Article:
1. Good post; and it is worth noting that the odious creature who resurfaced in the past few days has links to Creationist academies owned by Sir Peter Vardy. Whilst that creature considered himself to be infallible as Prime Minister, it is thanks to him that multicultural identity politics have flourished and with it, schools based not just on Christian scripture but those of other religions as well. Ironically, the Labour Party that he led used to oppose denominational schools, but now supports them and so do many so-called ‘progressives’, who have now become anti-secular and by extension anti-scientific, because religion is now given preference over science. A sorry state of affairs really; and I type as someone who was brought up as a Catholic, but who gradually lost any religious beliefs by the time I was sixteen; in part because they contradicted the rational scientific-based world view of the era in which I grew up.

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    • Thank you for your most considered reply. I’d forgotten about Blair being a Catholic but hadn’t previously pegged him as a Creationist. Your information certainly adds to my post, thank you!

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      • Here is an old article, which I think that I remember reading at the time, from the Independent on Blair’s support for Creationism:

        I can’t remember when he converted to Catholicism.

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      • Thank you, an eye opener and from as far back as 2004 too. Heres a couple of quotes from the article:
        A controversial chain of schools teaching Biblical “creationism” has been given Tony Blair’s personal support despite serious doubts raised by parents and teachers, The Independent on Sunday can reveal.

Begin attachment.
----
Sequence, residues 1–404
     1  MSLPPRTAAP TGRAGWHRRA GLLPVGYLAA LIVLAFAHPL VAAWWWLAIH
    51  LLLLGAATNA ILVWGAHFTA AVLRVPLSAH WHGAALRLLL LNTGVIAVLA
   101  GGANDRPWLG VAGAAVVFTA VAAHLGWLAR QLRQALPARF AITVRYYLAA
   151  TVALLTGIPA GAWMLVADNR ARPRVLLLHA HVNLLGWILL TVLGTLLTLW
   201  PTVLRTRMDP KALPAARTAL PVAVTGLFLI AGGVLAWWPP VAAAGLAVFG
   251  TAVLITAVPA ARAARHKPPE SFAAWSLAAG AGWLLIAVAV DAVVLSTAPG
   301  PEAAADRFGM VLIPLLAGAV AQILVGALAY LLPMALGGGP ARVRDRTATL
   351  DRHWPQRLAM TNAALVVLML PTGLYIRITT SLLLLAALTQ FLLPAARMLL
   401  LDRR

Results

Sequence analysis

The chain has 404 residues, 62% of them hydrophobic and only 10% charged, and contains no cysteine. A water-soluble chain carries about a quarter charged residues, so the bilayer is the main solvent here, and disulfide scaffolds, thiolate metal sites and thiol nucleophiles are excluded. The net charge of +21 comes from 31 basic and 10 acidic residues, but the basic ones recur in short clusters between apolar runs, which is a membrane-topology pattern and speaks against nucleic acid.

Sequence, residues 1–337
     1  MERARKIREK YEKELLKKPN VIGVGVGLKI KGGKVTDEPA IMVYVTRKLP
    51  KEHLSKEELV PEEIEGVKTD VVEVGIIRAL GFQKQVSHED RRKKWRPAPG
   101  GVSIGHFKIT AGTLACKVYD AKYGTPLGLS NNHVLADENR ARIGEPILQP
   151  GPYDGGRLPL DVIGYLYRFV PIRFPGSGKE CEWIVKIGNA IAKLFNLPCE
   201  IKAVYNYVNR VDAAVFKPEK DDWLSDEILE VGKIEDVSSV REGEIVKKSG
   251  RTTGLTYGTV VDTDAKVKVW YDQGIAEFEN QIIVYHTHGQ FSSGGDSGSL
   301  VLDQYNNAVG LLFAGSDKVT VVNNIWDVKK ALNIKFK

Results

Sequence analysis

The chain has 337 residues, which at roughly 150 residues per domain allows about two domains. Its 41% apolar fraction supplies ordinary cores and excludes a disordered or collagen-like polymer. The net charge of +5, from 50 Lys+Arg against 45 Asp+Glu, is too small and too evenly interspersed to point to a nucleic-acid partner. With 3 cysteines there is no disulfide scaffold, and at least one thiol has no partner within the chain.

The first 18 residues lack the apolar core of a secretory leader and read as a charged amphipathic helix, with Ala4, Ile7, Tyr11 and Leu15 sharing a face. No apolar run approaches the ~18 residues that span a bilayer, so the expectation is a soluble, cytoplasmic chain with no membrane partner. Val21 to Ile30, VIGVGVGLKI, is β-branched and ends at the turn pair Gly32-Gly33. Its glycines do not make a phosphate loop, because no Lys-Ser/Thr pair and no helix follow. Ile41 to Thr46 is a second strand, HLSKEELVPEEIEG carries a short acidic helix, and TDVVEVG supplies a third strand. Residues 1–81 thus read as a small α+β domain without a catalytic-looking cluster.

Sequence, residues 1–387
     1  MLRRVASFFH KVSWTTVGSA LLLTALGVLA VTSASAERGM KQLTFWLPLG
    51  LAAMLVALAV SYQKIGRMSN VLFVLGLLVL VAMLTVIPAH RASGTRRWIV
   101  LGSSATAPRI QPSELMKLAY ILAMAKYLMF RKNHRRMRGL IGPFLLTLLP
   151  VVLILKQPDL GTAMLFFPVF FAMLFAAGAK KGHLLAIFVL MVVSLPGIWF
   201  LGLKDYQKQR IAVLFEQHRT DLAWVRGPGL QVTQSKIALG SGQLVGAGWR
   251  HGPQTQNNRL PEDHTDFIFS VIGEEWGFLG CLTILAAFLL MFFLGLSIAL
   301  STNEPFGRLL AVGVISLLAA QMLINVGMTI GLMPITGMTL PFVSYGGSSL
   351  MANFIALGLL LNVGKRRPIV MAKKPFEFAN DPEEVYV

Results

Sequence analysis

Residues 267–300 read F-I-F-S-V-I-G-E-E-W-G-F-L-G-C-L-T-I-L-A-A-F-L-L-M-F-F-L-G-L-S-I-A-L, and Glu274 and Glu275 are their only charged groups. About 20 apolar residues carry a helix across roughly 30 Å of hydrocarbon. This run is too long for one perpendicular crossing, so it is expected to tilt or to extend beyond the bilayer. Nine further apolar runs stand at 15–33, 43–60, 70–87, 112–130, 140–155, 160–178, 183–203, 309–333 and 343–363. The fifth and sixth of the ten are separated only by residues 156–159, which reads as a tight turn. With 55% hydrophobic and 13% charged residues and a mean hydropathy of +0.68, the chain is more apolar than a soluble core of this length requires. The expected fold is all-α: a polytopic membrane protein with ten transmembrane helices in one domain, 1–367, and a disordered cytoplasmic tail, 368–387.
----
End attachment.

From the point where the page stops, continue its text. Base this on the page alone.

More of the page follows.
Martin Rogers from the Education Network, an education think-tank, said there wasnothing wrong with the principle of academies, and that large investment in struggling schools should be applauded. But the lack of accountability was a big concern. “For a very small sum of money … you can peddle the most appalling garbage,” he said.

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      • And reading it with the benefit of hindsight, it becomes apparent that Operation Trojan Horse, for the Islamic takeover of secular schools in Birmingham, had a Creationist Christian predecessor.

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  2. How tough life must be in that day and age. And you’ve rightly pointed out how such blind faith still grips our educational systems. We have many prevalent religious dogmas in Hinduism too which I personally feel should be relegated to text books on history alone. Being religious is one thing, but being blind to the obvious truth is,well… Dumb

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    • Dumb indeed, but it reminds us of the power of religious orders to this day that exist even in a secular society such as ours in the UK.

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      • Or for that matter in India, the so called biggest democracy of the world.

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      • Yes, I suppose the caste system is a perfect example where a religious system for organising society persists to this day. My extensive experience of it is in Nepal and it sickens me that these self righteous human rights organisations and protesters don’t tackle it! By the way I haven’t replied to your guest article request because I tend to only do that myself using non bloggers. I do use reblogging though where is reblog and insert another persons blog post if I like it specifically and it fits. Feel free to reblog any of mine if they are of interest.

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      • Dr B., that’s a very noble initiative – guest posting for non-bloggers – because some could really benefit from the publicity on cyberspace. Thank you for allowing me the freedom to reblog yours. I’ll keep that in mind in the future. Have a great day 😊